Thus, the ubiquitous Putin has become synonymous with capital. Here, capital doesn’t mean corruption and $40 billion in mysterious bank accounts. Rather, it refers to the complete execution of the political mandate. After eliminating all outside forces, the Kremlin itself has become them. It has become capital.
The controversial Platon toll collection system, pension reform, and digital procurements distributed among the president’s friends are all signs of “revenue-leasing” capitalism in which the distance between the government and business has been reduced to mere technical details. In this revenue-leasing framework, any protest against inequality, poverty, or non-payment of salaries automatically becomes protest against the Kremlin. Any protest against a “liberal” initiative is protest against the regime.
How can a government paralyzed by disputes between the president’s friends and his entourage guarantee greater social equality, higher incomes, and improved living standards? In a cash-strapped economy, economic growth in one sector—for example, through a large infrastructure project—always comes at the expense of another sector.
Here’s how it works. Financing the Crimean bridge necessitates a tax hike. But the government can’t increase taxes on business because all businesses rely on tax breaks, which are part of credit agreements with state banks. So, the government needs to undertake a pension reform and come up with public-private partnership initiatives. To secure funds, the state must resort to neoliberal tactics like restricting self-employment and increasing the retirement age.
Neoliberal approaches are also necessary to continue enjoying the precious feeling of national triumph. One of them is spreading Moscow-style recreational urbanism to the Russian heartland, which VEB Bank will finance with frozen retirement savings funds. Modern Moscow is a sterilized copy of an unrecognizably average-looking metropolis, where social inequality is diluted with an illusion of classless public spaces. And it was income and consumption taxes—not the surplus of oil revenues—that paid for this state of affairs.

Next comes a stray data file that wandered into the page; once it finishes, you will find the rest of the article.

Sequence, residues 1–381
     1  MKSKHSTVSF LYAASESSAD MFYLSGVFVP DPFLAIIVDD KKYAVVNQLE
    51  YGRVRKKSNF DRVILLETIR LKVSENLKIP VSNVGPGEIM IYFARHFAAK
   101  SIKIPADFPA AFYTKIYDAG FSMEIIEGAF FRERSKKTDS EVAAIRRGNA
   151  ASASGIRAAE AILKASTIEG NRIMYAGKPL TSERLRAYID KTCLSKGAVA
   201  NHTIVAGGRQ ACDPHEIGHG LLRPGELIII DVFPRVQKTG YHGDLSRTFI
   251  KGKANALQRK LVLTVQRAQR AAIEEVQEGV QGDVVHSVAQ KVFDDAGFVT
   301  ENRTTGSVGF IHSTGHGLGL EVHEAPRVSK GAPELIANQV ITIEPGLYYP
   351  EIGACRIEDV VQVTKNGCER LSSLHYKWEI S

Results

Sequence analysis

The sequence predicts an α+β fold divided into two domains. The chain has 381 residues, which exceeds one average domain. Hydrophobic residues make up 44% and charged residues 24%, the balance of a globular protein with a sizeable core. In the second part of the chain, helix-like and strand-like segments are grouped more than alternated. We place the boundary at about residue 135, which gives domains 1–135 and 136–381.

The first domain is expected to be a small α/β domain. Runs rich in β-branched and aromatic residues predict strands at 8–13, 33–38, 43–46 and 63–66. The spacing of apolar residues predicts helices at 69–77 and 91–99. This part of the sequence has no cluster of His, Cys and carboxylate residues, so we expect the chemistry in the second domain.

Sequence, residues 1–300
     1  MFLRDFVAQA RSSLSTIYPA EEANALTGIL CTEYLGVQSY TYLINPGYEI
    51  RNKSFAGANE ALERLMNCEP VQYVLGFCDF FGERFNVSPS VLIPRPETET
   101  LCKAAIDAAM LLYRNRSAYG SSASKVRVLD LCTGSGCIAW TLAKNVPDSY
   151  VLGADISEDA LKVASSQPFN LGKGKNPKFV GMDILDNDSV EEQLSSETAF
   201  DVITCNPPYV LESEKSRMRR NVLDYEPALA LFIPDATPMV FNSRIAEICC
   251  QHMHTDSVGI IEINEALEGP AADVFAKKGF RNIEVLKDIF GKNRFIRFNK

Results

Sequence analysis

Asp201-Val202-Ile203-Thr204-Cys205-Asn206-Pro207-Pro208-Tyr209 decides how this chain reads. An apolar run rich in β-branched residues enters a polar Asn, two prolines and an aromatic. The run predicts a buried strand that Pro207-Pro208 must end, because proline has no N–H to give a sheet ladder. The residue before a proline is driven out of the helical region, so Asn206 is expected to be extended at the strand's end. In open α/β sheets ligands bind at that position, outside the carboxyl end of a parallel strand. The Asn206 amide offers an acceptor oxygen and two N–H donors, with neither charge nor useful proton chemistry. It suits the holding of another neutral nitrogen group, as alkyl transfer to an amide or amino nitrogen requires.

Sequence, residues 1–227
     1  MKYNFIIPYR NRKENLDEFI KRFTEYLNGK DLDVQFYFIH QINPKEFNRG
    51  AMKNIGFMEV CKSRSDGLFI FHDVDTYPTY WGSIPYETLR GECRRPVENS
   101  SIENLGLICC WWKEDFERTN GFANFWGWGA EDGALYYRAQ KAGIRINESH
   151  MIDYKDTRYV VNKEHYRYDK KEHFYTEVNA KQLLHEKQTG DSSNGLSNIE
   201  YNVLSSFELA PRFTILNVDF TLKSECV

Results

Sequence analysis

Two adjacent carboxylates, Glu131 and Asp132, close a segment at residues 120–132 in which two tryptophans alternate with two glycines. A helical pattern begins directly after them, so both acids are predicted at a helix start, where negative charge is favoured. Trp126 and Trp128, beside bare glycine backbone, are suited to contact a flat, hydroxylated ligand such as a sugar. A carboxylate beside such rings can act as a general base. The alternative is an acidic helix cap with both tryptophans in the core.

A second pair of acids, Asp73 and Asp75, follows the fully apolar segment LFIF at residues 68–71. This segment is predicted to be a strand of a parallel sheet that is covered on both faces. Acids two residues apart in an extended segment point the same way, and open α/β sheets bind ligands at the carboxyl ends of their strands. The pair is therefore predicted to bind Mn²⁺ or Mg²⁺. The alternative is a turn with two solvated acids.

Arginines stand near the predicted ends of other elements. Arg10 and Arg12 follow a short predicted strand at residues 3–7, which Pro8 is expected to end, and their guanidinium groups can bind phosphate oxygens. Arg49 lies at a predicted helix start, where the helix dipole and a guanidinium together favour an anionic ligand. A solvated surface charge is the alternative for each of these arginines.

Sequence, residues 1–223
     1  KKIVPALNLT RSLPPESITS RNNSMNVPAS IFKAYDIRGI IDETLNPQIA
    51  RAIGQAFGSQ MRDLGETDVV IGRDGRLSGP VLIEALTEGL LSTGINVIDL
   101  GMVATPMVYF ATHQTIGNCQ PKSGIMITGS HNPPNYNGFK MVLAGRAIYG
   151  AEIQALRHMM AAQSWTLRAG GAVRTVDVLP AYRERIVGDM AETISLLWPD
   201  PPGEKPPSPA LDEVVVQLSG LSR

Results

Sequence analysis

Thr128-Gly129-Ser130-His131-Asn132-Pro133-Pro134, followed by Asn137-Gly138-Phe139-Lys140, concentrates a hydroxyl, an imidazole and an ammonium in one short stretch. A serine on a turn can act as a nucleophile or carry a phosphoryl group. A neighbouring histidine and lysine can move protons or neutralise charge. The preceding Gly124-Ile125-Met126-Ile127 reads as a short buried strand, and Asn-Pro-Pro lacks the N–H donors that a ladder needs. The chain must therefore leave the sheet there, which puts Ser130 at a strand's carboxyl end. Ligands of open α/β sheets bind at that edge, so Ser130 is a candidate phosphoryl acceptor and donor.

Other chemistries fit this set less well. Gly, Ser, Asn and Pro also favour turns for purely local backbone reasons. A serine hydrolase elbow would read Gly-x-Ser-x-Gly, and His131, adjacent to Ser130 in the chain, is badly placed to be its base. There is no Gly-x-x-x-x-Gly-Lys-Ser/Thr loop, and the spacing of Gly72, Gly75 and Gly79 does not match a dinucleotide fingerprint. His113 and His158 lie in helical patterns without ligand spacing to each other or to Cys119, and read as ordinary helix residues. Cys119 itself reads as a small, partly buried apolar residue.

Russia has no one left to blame for mass poverty. And the fusion of the ruling elite and business is starting to resemble a serious political problem. But the government likely still has one trick up its sleeve. It has yet to crack down on Russia’s enemies and stage show trials against the country’s vigorous “fifth column.” That showdown seems to be coming this fall.
Recent public opinion polls that ask about a conspiracy against Russia may be part of the preparations for this. The Kremlin’s domestic policy team also routinely discusses campaigns against “enemies.” All this is foreboding.
Who will become the new fifth column? The protests come from the left. And the Federal Security Service—just like Special Counsel Robert Mueller in the United States—clearly wants to break through with a grand political statement rather than a few spy cases. Thus, it’s the left-leaning activists who will be singled out. It will be the new left headed by Alexei Navalny, even though he cannot truly be called a leftist activist in the word’s modern meaning.
Young social activists from relatively affluent cities like Moscow and St. Petersburg have formed the core of the 2016 protests and the current anti-pension reform rallies. They are educated, read Western literature, and dislike Putin. They’re an ideal scapegoat for a grand campaign against Russia’s enemies. There are already signs that the security services have tested their operational capabilities. Further moves are certain to come.
Carnegie does not take institutional positions on public policy issues; the views represented herein are those of the author(s) and do not necessarily reflect the views of Carnegie, its staff, or its trustees.